Once I have our colors and fonts figured out (along with hosting and domain, more on that later) I like to set up a styles page in the backend of the website to see what it looks like online. Colors may look a little different depending on the device the user is on and having this page available for your client to test on different devices can save you a headache later on.
Changing colors and fonts on a website (in most programs) isn’t as easy as it is in Adobe. You most often have to change each individual element. So figuring these things out ahead of time can be a major time-saver and headache-avoider!
Some designers find it helpful to include a sub-agreement in their contract that asks clients to approve colors and fonts before moving on so they don’t try to change them later on.
Next, you need to have a rough idea of the copywriting the site will need. You want to know what paragraphs you’ll need and where. You don’t need the actual sentences, but you need to know the sections of text that you’ll need.
You know you’ll probably need a little about section on the home page and maybe another more in depth one on an about page.
If you want to learn more about how to help your client decide which pages their site needs, you can read this blog. It really ties in well with this part of the process.
For example, if you are going to have a portfolio page, is it going to be just pictures or is it going to have some text as well? Thinking through each page and section like this will allow you to say “Okay for every portfolio piece, we are going to have two or three sentences that tell about that project.” Or “We need a place for the location and venue for each wedding.” This will go a long way to help you design with intention instead of just designing empty space.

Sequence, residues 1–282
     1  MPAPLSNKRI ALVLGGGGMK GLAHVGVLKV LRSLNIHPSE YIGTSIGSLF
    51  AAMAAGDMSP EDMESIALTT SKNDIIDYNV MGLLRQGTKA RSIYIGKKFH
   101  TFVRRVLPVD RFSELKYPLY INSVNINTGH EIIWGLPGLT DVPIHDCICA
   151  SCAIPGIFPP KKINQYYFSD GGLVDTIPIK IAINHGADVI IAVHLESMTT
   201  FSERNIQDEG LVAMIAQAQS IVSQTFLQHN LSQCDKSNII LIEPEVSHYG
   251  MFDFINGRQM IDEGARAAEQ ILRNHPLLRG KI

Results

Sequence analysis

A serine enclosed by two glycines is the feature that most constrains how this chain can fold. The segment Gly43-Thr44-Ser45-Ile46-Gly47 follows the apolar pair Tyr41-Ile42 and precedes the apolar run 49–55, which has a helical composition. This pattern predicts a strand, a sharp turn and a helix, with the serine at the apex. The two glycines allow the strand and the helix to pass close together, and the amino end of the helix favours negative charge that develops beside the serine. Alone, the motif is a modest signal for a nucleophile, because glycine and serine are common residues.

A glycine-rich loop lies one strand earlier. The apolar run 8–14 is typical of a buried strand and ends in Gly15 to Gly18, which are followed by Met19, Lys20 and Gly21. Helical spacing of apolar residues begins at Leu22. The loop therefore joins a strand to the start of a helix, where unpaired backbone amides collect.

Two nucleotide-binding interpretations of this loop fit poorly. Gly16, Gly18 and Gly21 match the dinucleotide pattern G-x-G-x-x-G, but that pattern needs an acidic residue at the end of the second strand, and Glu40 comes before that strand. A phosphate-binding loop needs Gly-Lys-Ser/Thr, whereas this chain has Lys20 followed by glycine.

Finally, I want you to make sure you have the hosting and domain bought and set up before you sit down to start building the site. Don’t wait until the last minute! Industry-standard says that it can take around 24 hours for everything to register and take effect. And that can vary depending on all the technical stuff, meaning it could take anywhere from a couple of hours to a couple of days.
So don’t wait until you’ve carved out a few hours to sit down and work on the site. Get it done at least 24 hours ahead of time.
I have a blog post that goes over all the reasons we switched to using Webflow moving forward in our business. I also have a video that talks about who I used for years (Siteground) for hosting many of my own sites as well as those I built for clients. You can check that out here. You will need to join my private Facebook group for web designers in order to view it, but I know you will love it!
So those are the five things I encourage you to have before you start designing a website.
Having these things ready to go will help you keep your right-brain and left-brain activities separate, which I find really helpful. Dealing with these technical decisions can be more difficult once you’ve moved into design mode. It’s more analytical and logical whereas the design process is more creative and explorative, and I just find it more efficient and enjoyable to not have to keep switching back and forth.
I hope that was helpful, and if you have any questions about any of this or other website building questions I’d love to hear from you! You can join my Facebook group where I love to share more in-depth tips and tricks and answer your questions.